Film

'Fallen' Fails the 'Transformers' Franchise

In the history of half-baked blockbusters, Transformers: Revenge of the Fallen is raw and runny.


Transformers: Revenge of the Fallen

Director: Michael Bay
Cast: Shia LaBeouf, Megan Fox, Josh Duhamel, Tyrese Gibson, John Turturro
Rated: PG-13
Studio: Dreamworks, Paramount
Year: 2009
US date: 2009-06-24 (General release)
UK date: 2009-06-24 (General release)
Website

At this point in his career, Michael Bay has one of two options. He can toss aside all his wannabe Spielberg shtick, lower the gig-normous size of his budgets, and deliver a small, carefully constructed comedy/drama about authentic characters in real world situations. He can tone down the bravado and actually dig deep into the psyche of another human being for once, without all the fireworks and falderal. Or he can just keep blowing shit up. Looking at his recent example of trumped up testosterone as talent, Transformers: Revenge of the Fallen, he may not have a future in superficial pyrotechnics after all. Sloppy, incomprehensible, and louder than a dozen megaton bombs, this senseless shoot 'em up is all bark and only negligible entertainment bite. When it comes to retro-nuclear bombast, we expect more from Bay. This time, however, he goes way too far.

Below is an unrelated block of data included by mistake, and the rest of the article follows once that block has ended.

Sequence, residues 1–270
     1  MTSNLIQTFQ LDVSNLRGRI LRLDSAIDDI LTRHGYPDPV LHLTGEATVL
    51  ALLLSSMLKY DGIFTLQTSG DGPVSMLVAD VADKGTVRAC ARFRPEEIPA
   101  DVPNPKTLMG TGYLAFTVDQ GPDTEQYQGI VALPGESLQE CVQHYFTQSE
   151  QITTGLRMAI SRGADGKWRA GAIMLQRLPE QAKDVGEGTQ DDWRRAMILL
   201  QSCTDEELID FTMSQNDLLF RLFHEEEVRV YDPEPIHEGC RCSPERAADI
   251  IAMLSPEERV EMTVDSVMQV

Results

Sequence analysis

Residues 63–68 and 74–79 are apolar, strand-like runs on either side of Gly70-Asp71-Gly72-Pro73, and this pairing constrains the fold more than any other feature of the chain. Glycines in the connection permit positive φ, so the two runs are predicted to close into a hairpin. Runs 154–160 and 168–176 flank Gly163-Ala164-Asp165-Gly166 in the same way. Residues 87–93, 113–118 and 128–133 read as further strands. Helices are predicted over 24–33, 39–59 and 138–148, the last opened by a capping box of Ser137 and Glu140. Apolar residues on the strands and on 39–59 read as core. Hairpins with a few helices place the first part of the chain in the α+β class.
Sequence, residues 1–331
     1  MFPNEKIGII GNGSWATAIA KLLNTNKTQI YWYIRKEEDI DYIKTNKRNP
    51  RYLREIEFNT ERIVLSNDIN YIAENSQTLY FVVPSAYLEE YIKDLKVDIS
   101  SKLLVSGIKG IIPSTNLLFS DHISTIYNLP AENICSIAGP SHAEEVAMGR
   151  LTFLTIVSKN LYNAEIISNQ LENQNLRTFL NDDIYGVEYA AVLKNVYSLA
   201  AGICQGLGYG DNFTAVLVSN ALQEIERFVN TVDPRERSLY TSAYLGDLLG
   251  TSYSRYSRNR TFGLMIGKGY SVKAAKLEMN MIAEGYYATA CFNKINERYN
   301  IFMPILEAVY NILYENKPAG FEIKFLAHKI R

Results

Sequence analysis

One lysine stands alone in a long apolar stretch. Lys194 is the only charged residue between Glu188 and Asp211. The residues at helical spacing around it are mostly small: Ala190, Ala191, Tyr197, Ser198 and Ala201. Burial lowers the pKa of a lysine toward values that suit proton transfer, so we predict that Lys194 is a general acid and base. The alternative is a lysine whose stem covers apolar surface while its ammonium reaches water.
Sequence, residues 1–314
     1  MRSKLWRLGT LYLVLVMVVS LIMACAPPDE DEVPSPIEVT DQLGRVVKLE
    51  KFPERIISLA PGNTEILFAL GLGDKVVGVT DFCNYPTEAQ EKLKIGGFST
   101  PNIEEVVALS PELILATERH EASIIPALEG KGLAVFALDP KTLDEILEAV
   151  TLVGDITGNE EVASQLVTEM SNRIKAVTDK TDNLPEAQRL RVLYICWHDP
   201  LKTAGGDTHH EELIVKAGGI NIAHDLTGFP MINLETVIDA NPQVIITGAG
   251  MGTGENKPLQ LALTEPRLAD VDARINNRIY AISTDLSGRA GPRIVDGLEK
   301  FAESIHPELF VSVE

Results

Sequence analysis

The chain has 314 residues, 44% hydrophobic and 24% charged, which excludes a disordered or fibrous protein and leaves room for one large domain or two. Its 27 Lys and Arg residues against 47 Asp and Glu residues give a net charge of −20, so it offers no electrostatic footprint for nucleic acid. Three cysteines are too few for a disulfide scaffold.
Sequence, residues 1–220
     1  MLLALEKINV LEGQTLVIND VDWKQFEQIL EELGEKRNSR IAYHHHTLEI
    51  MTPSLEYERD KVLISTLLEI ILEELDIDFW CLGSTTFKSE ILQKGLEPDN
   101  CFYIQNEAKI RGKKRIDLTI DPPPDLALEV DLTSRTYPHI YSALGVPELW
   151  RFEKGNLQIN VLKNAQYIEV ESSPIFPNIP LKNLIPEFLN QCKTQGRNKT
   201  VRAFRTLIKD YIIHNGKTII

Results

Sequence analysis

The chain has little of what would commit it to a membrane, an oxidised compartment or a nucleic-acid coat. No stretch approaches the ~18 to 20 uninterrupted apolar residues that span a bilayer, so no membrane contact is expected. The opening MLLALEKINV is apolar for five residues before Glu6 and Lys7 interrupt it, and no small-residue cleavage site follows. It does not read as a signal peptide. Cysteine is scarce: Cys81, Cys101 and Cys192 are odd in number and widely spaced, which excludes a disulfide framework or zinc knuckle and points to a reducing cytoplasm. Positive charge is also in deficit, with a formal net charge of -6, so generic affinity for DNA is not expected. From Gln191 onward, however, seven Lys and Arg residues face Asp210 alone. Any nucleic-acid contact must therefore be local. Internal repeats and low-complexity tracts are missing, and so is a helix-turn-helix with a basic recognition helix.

It's been two years since Sam Witwicky uncovered the existence of alien robots on planet Earth, and while the Autobots have agreed to help the US military with their containment and clean-up crusade, the dwindling Decepticons have been plotting ways to resurrect their beloved leader Megatron from a watery ocean grave. Help comes in the metal persona of The Fallen, an ancient being whose been looking to destroy the planet for centuries. Locked in his extraterrestrial orbit, he needs a piece of the All Spark to start his sun-killing conquest. While he tries to attend college, Sam becomes an unwitting cerebral storage unit for the cube's considerable knowledge. This also makes he, and his cross-country gal pal Mikaela prime targets for the evil entities from another world. Hoping to avoid the Decepticons, Sam relies on Optimus Prime and the government to keep him safe. When they both fail him, it's off to find former Sector 7 Agent Simmons. With his help, he might be able to find the long lost Matrix, resurrect his hero, and save mankind once again.